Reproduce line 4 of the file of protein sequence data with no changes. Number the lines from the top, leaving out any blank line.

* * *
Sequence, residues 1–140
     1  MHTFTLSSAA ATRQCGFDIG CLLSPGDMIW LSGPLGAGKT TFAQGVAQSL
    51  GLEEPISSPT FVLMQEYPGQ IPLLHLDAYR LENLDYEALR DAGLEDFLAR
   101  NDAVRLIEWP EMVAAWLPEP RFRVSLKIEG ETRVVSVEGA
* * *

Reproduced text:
   101  NDAVRLIEWP EMVAAWLPEP RFRVSLKIEG ETRVVSVEGA